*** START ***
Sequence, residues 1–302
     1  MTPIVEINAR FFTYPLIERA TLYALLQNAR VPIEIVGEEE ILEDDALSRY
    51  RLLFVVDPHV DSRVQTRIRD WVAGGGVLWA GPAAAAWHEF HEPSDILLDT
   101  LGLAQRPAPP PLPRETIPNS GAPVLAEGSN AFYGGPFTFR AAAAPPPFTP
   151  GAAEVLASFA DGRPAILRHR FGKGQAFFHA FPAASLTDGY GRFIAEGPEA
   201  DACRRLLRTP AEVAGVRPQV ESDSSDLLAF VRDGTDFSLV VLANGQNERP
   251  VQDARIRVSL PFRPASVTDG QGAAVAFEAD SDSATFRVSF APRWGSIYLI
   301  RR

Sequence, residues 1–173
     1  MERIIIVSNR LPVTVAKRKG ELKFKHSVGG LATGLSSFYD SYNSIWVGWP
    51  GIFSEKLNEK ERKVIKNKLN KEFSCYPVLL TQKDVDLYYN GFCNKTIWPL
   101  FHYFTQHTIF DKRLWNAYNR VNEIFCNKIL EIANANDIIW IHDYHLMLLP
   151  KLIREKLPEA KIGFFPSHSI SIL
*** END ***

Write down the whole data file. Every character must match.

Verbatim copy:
Sequence, residues 1–302
     1  MTPIVEINAR FFTYPLIERA TLYALLQNAR VPIEIVGEEE ILEDDALSRY
    51  RLLFVVDPHV DSRVQTRIRD WVAGGGVLWA GPAAAAWHEF HEPSDILLDT
   101  LGLAQRPAPP PLPRETIPNS GAPVLAEGSN AFYGGPFTFR AAAAPPPFTP
   151  GAAEVLASFA DGRPAILRHR FGKGQAFFHA FPAASLTDGY GRFIAEGPEA
   201  DACRRLLRTP AEVAGVRPQV ESDSSDLLAF VRDGTDFSLV VLANGQNERP
   251  VQDARIRVSL PFRPASVTDG QGAAVAFEAD SDSATFRVSF APRWGSIYLI
   301  RR

Sequence, residues 1–173
     1  MERIIIVSNR LPVTVAKRKG ELKFKHSVGG LATGLSSFYD SYNSIWVGWP
    51  GIFSEKLNEK ERKVIKNKLN KEFSCYPVLL TQKDVDLYYN GFCNKTIWPL
   101  FHYFTQHTIF DKRLWNAYNR VNEIFCNKIL EIANANDIIW IHDYHLMLLP
   151  KLIREKLPEA KIGFFPSHSI SIL